As a team, the Spartans are second in the country with only five turnovers, with four of those committed by the offense.
SJSU quarterback Chevan Cordeiro has 11 passing and seven rushing touchdowns on the season and leads the conference with 2,224 passing yards. He has completed 177 of 294 (60%) passes and only thrown two interceptions.
After three years at Hawai’i, Cordeiro transferred to SJSU at the start of 2022 and transitioned seamlessly. According to Brennan, offensive coordinator and QBs coach Kevin McGiven told him he has never seen another quarterback absorb and apply an offense this quickly before.
This will be the fourth year in a row the Aztecs’ defense will play against Cordeiro. In the prior three games while at Hawai’i, Cordeiro completed 45 of 85 passes for 455 yards, two touchdowns, and two interceptions. The Aztecs sacked him 12 times, including seven in 2020, and held him without a rushing touchdown.
“(We have) had success against him at Hawaii, so we want to go back to that theme a little bit,” said SDSU defensive coordinator Kurt Mattix following practice on Tuesday. Mattix acknowledged, however, that the skill and talent level around Cordeiro at SJSU is a little better than he had at Hawai’i, which has helped unlock his full potential.
“He is playing differently now … when we played them, I think you could see the frustration at times in the game getting to him a little bit. We had a spy for him at times because he was a big scrambler. Now, people aren’t getting to him as much, and he’s not scrambling as much. He is still scoring some rushing touchdowns but not scrambling as much, and I think he feels like he could just sit back and be a quarterback.”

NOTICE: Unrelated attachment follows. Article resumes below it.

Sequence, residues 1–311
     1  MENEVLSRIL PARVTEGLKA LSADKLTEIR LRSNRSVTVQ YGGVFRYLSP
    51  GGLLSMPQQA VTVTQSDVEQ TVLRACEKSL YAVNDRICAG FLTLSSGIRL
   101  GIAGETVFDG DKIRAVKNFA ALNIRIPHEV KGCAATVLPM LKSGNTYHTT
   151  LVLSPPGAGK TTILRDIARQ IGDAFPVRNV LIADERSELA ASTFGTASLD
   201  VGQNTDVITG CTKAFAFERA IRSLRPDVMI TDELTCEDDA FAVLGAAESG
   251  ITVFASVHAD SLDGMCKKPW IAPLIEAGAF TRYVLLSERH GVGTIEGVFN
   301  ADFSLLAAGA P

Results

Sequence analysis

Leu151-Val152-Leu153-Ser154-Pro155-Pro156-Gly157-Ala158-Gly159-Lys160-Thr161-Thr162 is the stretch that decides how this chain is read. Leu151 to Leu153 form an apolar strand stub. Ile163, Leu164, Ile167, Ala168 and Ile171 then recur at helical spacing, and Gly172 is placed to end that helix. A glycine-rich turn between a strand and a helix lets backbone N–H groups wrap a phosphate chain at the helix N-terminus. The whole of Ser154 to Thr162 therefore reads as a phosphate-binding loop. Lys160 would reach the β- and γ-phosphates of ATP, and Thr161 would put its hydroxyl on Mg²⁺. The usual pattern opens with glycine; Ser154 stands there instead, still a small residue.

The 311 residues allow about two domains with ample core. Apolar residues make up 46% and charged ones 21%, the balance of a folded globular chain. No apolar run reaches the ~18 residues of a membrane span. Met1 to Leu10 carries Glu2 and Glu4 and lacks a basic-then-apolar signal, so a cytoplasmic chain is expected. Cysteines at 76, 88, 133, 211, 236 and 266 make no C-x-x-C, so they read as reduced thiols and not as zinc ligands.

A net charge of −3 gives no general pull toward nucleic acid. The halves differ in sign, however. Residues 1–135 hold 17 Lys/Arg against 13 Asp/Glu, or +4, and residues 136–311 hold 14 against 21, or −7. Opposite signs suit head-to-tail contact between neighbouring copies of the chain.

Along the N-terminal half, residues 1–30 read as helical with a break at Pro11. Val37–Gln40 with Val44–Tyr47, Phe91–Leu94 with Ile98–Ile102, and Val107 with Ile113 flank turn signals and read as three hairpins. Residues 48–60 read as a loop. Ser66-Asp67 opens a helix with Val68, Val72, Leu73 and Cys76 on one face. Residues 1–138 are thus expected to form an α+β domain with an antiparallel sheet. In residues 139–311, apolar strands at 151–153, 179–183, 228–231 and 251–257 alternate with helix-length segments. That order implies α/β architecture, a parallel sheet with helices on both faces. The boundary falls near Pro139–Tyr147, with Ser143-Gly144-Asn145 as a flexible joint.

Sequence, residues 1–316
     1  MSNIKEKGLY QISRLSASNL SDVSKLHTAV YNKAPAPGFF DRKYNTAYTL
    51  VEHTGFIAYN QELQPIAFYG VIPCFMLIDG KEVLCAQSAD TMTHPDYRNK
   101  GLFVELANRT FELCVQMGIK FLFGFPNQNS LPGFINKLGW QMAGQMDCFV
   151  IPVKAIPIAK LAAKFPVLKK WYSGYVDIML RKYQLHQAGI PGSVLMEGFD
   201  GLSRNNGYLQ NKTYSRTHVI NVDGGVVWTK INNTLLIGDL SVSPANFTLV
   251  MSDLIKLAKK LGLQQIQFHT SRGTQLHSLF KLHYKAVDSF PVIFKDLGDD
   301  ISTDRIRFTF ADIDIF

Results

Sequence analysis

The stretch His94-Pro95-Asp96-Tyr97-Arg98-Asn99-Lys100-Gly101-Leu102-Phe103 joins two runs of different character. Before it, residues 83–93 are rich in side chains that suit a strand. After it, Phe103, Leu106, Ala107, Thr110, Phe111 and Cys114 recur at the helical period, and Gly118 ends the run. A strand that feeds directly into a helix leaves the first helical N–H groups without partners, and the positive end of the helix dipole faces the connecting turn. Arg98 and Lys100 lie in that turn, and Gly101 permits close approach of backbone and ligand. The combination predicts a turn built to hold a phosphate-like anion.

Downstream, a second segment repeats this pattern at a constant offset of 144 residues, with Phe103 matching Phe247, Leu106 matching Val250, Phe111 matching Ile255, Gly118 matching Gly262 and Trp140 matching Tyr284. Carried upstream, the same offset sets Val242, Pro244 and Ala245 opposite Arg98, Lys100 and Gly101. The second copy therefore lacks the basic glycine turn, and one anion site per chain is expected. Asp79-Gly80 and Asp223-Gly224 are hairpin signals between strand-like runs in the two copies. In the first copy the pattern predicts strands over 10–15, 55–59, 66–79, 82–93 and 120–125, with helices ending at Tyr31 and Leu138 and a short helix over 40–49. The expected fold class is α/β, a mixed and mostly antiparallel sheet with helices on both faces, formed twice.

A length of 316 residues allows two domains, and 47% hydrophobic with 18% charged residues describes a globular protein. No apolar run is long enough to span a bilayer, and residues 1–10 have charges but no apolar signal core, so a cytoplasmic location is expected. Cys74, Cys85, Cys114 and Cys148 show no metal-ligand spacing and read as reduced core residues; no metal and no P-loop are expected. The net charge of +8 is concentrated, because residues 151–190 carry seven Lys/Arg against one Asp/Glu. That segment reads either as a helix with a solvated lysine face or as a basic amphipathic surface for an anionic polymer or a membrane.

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Senior running back Kairee Robinson leads the team with 447 rushing yards (4.6ypc) and nine TDs.
Three wide receivers on the two-deep are Nevada transfers, with two starters in their first season at SJSU. Elijah Cooks (6’4) leads the team with 43 receptions for 701 yards (second in MW) and four touchdowns.
Justin Lockhart (6’2), who is the godson of NBA Hall of Famer Shaquille O’Neal, is second with 26 receptions and 428 yards.
Mattix compared the high-quality skill level of the wide receivers in the conference to a “Murderers Row” after playing against Fresno State and UNLV recently and now having to match up against the talented Spartans’ receivers.
“(Cooks) is an elite receiver,” he said, adding, “maybe not the speed that the NFL people want, but his body control and his ability to go up and catch it (make him) a great football player.”
Cooks played against SDSU in 2019 while at Nevada, catching a touchdown pass and finishing with three receptions for 20 yards. Lockhart caught 12 passes for 76 yards (no touchdowns) in the last two years against SDSU.
Tight end Dominick Mazotti has come on strong the past four games and become one of Cordeiro’s favorite targets. After only catching two passes for 15 yards in the first month of the season, Mazotti has 19 receptions for 201 yards and three touchdowns in the last four games.
SDSU’s defense has picked up its play over the last three weeks as documented in EVT’s state of the defense article, and is starting to look more like what fans have been used to for the past decade. In addition to the improvements in generating pressure and red zone defense, upgraded cornerback play has led to game-changing plays.
“They are always good,” said Brennan about the SDSU defense. “They always play super hard. It’s the best defense we have played this year. We have epic battles with (SDSU).”